ADEN -- Students in Yemen's Taez province have begun the new academic year in heavily damaged schools, where they study in fear of more shelling and sniper fire from the Iran-backed Houthis, who are besieging the city, officials said.
Some school buildings have been destroyed during the seven-year war, leaving students with no place to go to obtain an education.
"We study one day on the bare floor, another day on the rooftop and some days in the street," seventh-grader Laith Kamel told AFP.
"For four years, we have been wanting to go to a real school."
Across the country children either have no classes at all or lack basics such as desks, chairs or bathrooms.
The Houthis' continued targeting of residential areas has deprived students of education they deserve and need, said Fajr al-Amal Centre for Statistics and Development director Hayat al-Jalal, of Taez province's Hawd al-Ashraf district.
Children frequently have been collateral damage during the war in Taez -- and sometimes have been targeted directly, as in August 2020, when a young girl was shot as she fetched water for her family, allegedly by a Houthi sniper.
The "water girl", named as Ruwaida Saleh and said to be 9 or 10 years old, was shot as she went to get water for her family in Taez's al-Rawda neighbourhood. She survived.
Earlier this year, on March 14, the Houthis fired a missile at a school in western Taez's Kadha district, killing 15 Yemeni soldiers and three children who were nearby, Reuters reported.
Military sources said the school had been used by the Houthis and was later taken over by pro-government fighters.
The Houthis' ongoing siege has resulted in a deterioration of all aspects of life, al-Jalal told Al-Mashareq, most significantly of the economy and education.
"Many students have dropped out of school because their families are unable to cover education expenses, or they have put their children to work in order to cover their families' expenses," she said.
"We live in the line of fire, and our children often are deprived of schooling because of the clashes that have occasionally caused schools to shut down," she said.
Al-Jalal said some teachers have left Taez because of the ongoing conflict, which is another blow to the education sector in the city.
'No proper school building'
Meanwhile, al-Jalal said, the lack of school buildings also damages the city's education system. Several schools have been destroyed, with rental apartments and shops now serving as substitute school buildings.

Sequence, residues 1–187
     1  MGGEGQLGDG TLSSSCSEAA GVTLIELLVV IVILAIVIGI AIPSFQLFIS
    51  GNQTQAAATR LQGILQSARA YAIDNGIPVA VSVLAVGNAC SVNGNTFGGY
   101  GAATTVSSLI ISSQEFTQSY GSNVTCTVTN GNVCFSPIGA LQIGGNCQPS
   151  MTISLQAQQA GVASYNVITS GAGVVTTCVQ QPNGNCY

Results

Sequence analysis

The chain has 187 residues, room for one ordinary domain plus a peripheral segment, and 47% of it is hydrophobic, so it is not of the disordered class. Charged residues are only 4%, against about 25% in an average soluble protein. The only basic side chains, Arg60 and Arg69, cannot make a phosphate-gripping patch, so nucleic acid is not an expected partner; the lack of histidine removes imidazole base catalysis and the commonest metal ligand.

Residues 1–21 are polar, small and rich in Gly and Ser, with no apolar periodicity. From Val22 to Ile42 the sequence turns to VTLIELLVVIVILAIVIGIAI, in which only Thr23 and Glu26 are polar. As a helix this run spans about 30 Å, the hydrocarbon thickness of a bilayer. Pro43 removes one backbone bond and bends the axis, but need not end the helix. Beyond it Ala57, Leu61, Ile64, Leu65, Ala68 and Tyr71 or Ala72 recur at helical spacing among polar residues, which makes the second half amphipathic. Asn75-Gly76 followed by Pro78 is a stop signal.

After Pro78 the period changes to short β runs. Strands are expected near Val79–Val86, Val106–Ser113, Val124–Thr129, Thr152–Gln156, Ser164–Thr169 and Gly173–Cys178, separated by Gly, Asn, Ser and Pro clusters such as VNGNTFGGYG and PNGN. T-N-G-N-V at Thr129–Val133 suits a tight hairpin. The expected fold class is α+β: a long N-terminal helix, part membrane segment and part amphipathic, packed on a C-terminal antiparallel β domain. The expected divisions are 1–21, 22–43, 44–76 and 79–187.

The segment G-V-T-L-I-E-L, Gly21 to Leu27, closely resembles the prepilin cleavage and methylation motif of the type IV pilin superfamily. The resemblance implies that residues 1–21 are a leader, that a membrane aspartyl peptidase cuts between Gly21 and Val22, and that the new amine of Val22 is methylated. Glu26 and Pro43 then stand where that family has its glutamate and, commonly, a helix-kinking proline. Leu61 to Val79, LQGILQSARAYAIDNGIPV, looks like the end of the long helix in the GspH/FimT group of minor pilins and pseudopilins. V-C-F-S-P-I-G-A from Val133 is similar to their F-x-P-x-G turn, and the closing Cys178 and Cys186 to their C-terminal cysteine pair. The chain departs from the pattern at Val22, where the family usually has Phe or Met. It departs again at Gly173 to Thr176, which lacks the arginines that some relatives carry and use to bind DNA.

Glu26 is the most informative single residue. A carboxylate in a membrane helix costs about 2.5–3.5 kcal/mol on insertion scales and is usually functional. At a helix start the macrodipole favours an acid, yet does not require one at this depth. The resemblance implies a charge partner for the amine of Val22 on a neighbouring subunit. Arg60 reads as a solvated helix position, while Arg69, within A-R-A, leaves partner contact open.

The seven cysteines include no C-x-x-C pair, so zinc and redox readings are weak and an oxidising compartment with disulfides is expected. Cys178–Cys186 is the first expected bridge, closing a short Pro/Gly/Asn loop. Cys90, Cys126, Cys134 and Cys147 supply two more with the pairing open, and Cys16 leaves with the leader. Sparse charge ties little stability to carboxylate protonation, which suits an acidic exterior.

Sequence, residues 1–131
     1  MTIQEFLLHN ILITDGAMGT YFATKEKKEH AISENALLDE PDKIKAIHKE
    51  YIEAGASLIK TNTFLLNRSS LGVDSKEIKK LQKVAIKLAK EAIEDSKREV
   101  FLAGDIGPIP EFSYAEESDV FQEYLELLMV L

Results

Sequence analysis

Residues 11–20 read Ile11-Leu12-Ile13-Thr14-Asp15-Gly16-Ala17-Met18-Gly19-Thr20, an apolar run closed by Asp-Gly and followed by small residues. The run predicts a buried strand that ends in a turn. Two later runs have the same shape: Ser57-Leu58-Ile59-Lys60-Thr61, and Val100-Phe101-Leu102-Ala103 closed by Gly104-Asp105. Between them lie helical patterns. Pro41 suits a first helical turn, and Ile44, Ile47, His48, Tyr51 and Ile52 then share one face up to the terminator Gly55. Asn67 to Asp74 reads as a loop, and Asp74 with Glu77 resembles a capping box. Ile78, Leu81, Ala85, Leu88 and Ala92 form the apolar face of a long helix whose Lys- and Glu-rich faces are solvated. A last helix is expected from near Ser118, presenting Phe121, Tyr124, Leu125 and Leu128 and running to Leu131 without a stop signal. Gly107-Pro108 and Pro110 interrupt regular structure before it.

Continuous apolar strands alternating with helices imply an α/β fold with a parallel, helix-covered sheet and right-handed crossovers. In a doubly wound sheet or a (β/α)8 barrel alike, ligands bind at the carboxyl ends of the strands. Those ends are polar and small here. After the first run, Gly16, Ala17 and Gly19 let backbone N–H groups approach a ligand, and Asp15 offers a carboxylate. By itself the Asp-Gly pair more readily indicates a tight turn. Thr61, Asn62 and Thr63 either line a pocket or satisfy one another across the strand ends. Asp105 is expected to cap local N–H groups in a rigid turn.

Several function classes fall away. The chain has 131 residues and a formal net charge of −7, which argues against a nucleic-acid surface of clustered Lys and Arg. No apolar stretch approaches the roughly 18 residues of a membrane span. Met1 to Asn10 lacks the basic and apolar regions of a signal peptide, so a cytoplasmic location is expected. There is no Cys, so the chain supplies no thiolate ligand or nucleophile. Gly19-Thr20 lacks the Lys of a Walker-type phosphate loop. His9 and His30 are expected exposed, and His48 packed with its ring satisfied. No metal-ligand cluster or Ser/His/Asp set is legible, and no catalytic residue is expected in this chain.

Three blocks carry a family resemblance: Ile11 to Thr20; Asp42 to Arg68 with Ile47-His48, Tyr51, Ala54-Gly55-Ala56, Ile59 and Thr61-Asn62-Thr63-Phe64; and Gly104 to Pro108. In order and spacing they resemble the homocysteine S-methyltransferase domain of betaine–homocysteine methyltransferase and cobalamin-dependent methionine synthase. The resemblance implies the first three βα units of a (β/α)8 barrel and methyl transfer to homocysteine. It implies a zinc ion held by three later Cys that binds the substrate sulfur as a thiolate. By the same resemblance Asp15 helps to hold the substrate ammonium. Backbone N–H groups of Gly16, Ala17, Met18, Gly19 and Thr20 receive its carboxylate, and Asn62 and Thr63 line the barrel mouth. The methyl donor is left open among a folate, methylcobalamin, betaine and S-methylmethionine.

At Al-Thalaya School in Taez's al-Mudhaffar district, students attend class in a rented building next to the ruins of their former school, which was destroyed during the fighting.
"The main reason the students are not getting proper education is the lack of school buildings," said Al-Thalaya School principal Abdul Ghani al-Rai.
Al-Rai said 64 teachers teach 950 students -- boys and girls -- in an unfinished rental building with no windows that is not fit to be a school.
"Despite all these circumstances, we insist on continuing the education process, even under the most difficult circumstances," al-Rai said, noting that his school is the only one in the area that is close enough for some students to reach.
"Parents fear for [the safety] of the students because of the ongoing war and sniper fire," he added, appealing to all concerned parties and those "with a heart" to pay attention to this tragedy.
Teachers among the most affected
Teachers work in difficult conditions that endanger their lives, said Murad Hassan, a teacher at Al-Thalaya School.
The rental buildings used by some institutions that have been forced to relocate are unsuitable for teaching, he said, and teachers do not have access to the tools they need for teaching.
"Forty-eight school buildings are out of service," said Taez Education Office director Abdul Waseh Shaddad.
These buildings were either destroyed by Houthi mines or artillery shells, or are being used as military barracks, he said.
He added that "262 other schools were damaged, of which some 138 schools were rehabilitated, thanks to the efforts of local authorities and international organisations".
Shaddad appealed to all local and international parties to "help provide textbooks and pay attention to the teachers, who are among the groups that have suffered the most since the beginning of the war in Yemen".